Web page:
Lieutenant Will Hutt is retiring from the Homer Police Department after serving the community for twenty-four years. He started in Homer in 1994 and was promoted to lieutenant in 2013. His last day on the job is just about a month away.
Lieutenant Will Hutt is cleaning his office. It’s full of things he’s collected over the years.
"I don't know; I've got a lot of junk," he said opening a metal drawer.
There’s paperwork of course, but there’s also his original set of airborne wings from his army days enshrined in a plaque, a toy model of the station’s old patrol car and pictures of his family.
"I don't know where to begin," he said looking at his office. "Really, I've been whittling away at it the last couple of days. Sometimes I stop and it takes me back to an event or an incident, and I'm like I got to keep going. I got to get through all this stuff."
Hutt was in the U.S. army and worked as a statewide undercover narcotics officer before joining the Homer Police department.
He’s worked many jobs in the station since then: he was a graveyard patrol man, investigator, and middle-management-patrol sergeant.
“It’s been a great career—a lot of highs and a lot of lows,” he said as he teared up.
Hutt is retiring now partly because his mother recently died and he wants to spend some time with his family in the Midwest. But he’s also leaving to take care of his health. He says the cumulative stress of working in law enforcement has worn him down over time.
“I've seen too many dead bodies, too many unintended deaths, too many crashes,” he said.
He said the worst day was a shooting at the Homer airport in 2006 when Homer Police, U.S. Marshals and Alaska State Troopers attempted to arrest a drug felon named Jason Anderson from Minnesota. The Marshals and police cornered him at the airport and Anderson, who had his children in the back seat, took out his gun and fired. Anderson shot his son in the head. His son survived but had permanent brain damage. Anderson, himself, did not make it out of the shooting alive.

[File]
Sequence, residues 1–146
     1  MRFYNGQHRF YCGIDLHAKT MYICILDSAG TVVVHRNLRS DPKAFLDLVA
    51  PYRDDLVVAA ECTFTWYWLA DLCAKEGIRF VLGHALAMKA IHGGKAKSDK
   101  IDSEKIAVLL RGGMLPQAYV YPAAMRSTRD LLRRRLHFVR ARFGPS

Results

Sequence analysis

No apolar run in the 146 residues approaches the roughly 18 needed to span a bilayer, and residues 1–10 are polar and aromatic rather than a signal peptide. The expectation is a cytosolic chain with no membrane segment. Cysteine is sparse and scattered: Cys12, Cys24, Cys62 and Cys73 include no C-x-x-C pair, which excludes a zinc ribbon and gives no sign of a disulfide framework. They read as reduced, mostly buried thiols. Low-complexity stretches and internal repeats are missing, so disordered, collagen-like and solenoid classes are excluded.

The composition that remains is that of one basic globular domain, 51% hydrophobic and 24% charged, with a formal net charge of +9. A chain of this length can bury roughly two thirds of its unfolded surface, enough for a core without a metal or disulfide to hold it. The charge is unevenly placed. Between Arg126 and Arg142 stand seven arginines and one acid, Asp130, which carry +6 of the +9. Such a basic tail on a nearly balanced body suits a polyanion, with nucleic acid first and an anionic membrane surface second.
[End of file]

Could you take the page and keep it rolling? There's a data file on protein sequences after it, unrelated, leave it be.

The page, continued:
“I know that he was a father and a son and when he laid there with agonal breathing, I said a prayer for his soul,” he said. “It was not fun. It's kind of hard to explain unless you've been there. And there was a lot of fallout with the community after that. There was a lot of supporters but there was a lot of fallout.”
Hutt got through difficult times like that with support from his co-workers whom he calls his second family. Throughout his years on the force, he’s enjoyed seeing Homer residents grow out of bad habits and he said the simple everyday tasks of the job were fulfilling. Hutt recounts how good it felt returning a lost dog to a visitor.
"It was nice seeing somebody reunited with their pet like that," he said. "It's kind of simple but you know we're all human, and we put our pants on the same way."
He said his work probably affected more people than he knows.
“Little things that did probably mean absolutely nothing to me or that I forgot but I'm sure I probably impacted a lot of people, more than I realize," he said.
Hutt’s last day will be on May 1, and he plans to remain in town.